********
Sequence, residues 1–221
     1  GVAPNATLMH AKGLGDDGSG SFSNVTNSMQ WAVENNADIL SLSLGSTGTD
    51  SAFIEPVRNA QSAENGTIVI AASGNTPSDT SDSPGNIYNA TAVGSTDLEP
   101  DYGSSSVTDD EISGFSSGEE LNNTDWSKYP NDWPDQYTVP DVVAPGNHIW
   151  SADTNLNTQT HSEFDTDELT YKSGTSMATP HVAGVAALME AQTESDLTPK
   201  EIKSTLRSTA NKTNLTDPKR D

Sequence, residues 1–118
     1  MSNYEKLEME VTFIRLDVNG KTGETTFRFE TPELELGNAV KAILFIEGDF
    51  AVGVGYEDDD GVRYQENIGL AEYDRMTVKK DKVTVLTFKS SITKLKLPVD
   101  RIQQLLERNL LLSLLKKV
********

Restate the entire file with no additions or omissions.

Sequence, residues 1–221
     1  GVAPNATLMH AKGLGDDGSG SFSNVTNSMQ WAVENNADIL SLSLGSTGTD
    51  SAFIEPVRNA QSAENGTIVI AASGNTPSDT SDSPGNIYNA TAVGSTDLEP
   101  DYGSSSVTDD EISGFSSGEE LNNTDWSKYP NDWPDQYTVP DVVAPGNHIW
   151  SADTNLNTQT HSEFDTDELT YKSGTSMATP HVAGVAALME AQTESDLTPK
   201  EIKSTLRSTA NKTNLTDPKR D

Sequence, residues 1–118
     1  MSNYEKLEME VTFIRLDVNG KTGETTFRFE TPELELGNAV KAILFIEGDF
    51  AVGVGYEDDD GVRYQENIGL AEYDRMTVKK DKVTVLTFKS SITKLKLPVD
   101  RIQQLLERNL LLSLLKKV